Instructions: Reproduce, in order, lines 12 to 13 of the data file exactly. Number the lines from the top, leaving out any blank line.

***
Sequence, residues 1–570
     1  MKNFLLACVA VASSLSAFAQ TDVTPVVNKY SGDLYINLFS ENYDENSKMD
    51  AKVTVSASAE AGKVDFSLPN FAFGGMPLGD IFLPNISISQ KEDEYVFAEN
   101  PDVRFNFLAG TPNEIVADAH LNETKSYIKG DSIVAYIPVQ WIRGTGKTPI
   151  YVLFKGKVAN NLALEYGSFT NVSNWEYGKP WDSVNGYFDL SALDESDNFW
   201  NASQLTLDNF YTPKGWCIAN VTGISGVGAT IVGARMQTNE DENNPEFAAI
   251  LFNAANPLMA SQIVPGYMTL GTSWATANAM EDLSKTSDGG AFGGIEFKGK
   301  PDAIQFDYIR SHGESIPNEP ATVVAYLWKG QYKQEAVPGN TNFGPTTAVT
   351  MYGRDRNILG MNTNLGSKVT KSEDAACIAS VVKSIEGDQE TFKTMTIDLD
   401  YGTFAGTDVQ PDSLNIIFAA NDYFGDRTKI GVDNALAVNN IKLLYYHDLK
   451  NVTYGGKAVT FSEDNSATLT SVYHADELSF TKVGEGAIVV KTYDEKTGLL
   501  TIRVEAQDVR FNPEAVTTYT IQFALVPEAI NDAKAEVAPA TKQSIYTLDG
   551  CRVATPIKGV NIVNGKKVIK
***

   501  TIRVEAQDVR FNPEAVTTYT IQFALVPEAI NDAKAEVAPA TKQSIYTLDG
   551  CRVATPIKGV NIVNGKKVIK